Liked by 2 people

      • Wait, you mean MJ was too pop for you? The others I get, but he was far from just pop. his music may have the feel of pop, but his lyrics were political and poignant. If you don’t like the sound, at least look up the lyrics to some of his songs, like Black or White or They Don’t Care About Us. Then there’s the one he did with absolutely everybody, and told them not to bother coming if they couldn’t check their egos at the door. That was amazing, but everyone knows that one and you either like it or not. The best part of it for me was before it ever started – Dylan was whacked out of his mind, and he couldn’t figure out what his lines were, how to sing them, or anything. So if you you can find it on youtube, Springsteen pulls him aside and sings it JUST LIKE HIM over and over until Dylan gets the lyrics too. I love that. I also love that on a wide shot, Dan Akroyd is sort of randomly there. Granted, he was part of the Blues Brothers, and can actually sing, but it still feels quite random seeing him in a large group shot squished in the back of the back against the wall LOL It would be like having a bunch of singers today doing a song for charity and after panning out after hearing Beyonce, Mariah Carey, Christinal Agullera, and Lady Gaga belt their lyrics, you suddenly just sort of see Richard Gere in the back. Yes, he was amazing in Chicago and can sing, but… still odd. Or, even though he has since died, seeing Rex Harrison in the back. He was like the first white rapper, and he did great in theater shows and movies (and I personally love him), but he doesn’t really belong in a group of amazing singers unless it’s like a West End/Broadway group doing the charity song

        Liked by 3 people

      • I know he was more than just pop, and wrote many meaningful songs – I just didn’t like his music that much, sorry! I assume you mean We Are The World? As I understand that, Quincy Jones shares much of the credit, and they took the idea from Band Aid. The version of that quote I’ve seen follows on to say that he would arrange for anyone who wouldn’t abide by the rules to be driven home – by Stevie Wonder 😉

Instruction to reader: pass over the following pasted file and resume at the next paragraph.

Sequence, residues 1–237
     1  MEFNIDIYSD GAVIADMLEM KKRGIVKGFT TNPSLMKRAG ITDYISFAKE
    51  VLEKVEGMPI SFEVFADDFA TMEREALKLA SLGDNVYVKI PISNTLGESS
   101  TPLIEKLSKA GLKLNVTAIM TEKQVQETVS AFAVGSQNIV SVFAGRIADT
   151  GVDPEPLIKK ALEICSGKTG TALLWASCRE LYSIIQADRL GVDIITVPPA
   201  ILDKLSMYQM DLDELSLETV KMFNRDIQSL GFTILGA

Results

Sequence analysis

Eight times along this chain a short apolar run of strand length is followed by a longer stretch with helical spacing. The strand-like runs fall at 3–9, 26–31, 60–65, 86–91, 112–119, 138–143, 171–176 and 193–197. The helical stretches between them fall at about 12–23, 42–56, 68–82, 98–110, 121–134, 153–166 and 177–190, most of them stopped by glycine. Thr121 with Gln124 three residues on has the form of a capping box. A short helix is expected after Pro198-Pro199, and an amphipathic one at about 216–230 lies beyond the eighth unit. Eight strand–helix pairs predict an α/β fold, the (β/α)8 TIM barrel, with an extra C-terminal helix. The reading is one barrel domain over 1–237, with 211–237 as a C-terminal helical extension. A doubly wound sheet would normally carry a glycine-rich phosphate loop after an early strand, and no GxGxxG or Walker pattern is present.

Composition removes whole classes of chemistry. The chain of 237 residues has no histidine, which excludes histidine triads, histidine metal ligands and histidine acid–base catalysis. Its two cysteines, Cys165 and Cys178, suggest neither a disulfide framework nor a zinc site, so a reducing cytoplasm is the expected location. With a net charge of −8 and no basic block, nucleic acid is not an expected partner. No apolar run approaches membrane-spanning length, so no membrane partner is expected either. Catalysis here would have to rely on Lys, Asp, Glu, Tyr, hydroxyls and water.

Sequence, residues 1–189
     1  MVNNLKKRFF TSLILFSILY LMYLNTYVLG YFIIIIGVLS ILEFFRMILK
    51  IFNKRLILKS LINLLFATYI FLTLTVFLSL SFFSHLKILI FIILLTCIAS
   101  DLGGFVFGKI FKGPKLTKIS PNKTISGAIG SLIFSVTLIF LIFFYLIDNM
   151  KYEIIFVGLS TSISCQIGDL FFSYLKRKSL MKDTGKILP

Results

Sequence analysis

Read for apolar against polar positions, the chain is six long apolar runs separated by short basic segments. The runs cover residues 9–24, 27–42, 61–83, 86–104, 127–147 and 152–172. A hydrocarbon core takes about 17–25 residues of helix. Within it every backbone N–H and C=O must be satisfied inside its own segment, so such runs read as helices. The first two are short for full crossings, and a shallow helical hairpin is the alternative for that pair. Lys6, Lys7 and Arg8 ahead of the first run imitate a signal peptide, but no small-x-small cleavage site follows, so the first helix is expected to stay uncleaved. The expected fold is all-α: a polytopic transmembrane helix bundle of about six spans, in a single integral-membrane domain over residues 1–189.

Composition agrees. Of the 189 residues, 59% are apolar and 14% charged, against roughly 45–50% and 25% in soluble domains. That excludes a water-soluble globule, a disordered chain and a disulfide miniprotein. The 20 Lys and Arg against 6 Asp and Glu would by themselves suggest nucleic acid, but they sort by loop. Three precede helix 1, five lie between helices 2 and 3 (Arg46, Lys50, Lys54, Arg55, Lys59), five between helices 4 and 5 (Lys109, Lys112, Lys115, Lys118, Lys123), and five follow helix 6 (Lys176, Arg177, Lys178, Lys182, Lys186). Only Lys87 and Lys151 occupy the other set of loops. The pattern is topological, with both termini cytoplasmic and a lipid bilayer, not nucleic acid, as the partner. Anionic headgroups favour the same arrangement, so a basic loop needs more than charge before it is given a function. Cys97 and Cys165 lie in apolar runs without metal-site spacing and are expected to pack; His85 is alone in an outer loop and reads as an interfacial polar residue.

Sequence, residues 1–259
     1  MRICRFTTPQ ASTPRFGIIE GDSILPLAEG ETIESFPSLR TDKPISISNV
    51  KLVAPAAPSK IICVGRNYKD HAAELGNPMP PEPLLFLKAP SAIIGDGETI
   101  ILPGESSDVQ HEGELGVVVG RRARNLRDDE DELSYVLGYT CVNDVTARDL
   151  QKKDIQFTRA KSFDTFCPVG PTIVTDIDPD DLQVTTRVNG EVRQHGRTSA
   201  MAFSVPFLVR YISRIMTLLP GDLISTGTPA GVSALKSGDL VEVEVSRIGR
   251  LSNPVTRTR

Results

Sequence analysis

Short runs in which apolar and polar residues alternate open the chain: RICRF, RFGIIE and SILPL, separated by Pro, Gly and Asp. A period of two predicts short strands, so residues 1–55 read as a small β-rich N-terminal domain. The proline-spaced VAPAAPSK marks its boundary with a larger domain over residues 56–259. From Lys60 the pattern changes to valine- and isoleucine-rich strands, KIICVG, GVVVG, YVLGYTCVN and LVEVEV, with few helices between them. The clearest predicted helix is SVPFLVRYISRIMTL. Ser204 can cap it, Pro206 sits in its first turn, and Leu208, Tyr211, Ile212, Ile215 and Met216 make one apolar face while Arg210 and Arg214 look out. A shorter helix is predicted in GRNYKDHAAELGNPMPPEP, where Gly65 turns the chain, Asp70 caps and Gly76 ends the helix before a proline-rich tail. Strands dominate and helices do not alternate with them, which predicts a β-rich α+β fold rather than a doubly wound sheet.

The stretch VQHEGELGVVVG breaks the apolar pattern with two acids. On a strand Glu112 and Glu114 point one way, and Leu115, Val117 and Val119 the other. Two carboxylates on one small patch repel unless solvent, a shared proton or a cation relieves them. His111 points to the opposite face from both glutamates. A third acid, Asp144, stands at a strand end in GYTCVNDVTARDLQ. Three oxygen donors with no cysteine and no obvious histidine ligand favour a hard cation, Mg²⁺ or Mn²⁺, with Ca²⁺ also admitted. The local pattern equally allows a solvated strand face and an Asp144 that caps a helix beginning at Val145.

• That sounds like a threat Stevie Wonder himself would use LOL

        I didn’t mean to forget Quincy Jones. I started off on MJ and somehow ended up on Dan Akroyd. I’ll admit…. it’s probably not the most easy to follow path from point A to point B.

        I realize it was a Long and Winding Road to the Jungleland, Don’t Ask Me Why.

        Liked by 1 person

  17. Foreigner’s, Agent Provocateur, was the very first CD we ever bought. Bruce Springsteen, Dire Straights, The Police! I love these songs from the 80s, a decade which was very good to me. We worked hard and played hard. Great memories.Thanks.

    Liked by 2 people

    • I don’t think anyone can do justice to an entire decade in eight songs! There are more from that decade I liked and may post at some point, but they are heavily outnumbered by the ones I wouldn’t touch with a barge pole 😉

      Liked by 2 people

  18. Now we’re talking. The 80s was (in my opinion) the best decade for music. I loved everything about it, even the Stock, Aiken and Waterman phase towards the end of the decade. Being a DJ at a nightclub back then was one of the best jobs I had. There was never a tune from that decade that never failed to fill the floor.
    Nice selection, Clive, although Frankie Goes to Hollywood is my favourite out of all of them. But I have many more that even beat Frankie.

    Liked by 4 people

    • Thanks, Bernadette, I’m pleased you enjoyed it. I must admit that I was surprised too – I’d always thought of the Eighties as a decade of effete cross dressers and cheesy pop, and was glad to find a lot of good music there. FGTH were fairly short-lived, but made their mark!

      Liked by 2 people